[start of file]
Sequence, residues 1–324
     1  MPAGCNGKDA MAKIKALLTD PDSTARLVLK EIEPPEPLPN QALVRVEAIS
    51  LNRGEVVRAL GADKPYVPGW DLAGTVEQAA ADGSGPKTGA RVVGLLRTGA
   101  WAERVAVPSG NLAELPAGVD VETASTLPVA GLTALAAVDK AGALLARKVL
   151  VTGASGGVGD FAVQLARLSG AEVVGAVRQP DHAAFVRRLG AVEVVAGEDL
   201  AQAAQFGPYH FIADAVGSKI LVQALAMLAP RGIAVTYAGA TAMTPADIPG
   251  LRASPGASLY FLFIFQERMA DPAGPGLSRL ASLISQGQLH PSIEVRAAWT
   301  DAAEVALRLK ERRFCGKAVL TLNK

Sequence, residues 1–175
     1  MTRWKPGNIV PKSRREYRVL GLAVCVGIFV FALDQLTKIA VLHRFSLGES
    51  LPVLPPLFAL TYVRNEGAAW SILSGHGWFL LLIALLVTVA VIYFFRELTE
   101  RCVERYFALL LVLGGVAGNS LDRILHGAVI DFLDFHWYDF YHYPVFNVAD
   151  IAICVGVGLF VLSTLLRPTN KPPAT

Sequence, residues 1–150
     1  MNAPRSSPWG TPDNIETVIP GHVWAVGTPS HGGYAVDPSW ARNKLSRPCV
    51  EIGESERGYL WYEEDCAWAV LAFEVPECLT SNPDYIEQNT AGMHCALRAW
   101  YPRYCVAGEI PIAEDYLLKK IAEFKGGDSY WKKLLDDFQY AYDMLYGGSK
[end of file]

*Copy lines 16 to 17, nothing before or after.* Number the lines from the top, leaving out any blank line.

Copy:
    51  EIGESERGYL WYEEDCAWAV LAFEVPECLT SNPDYIEQNT AGMHCALRAW
   101  YPRYCVAGEI PIAEDYLLKK IAEFKGGDSY WKKLLDDFQY AYDMLYGGSK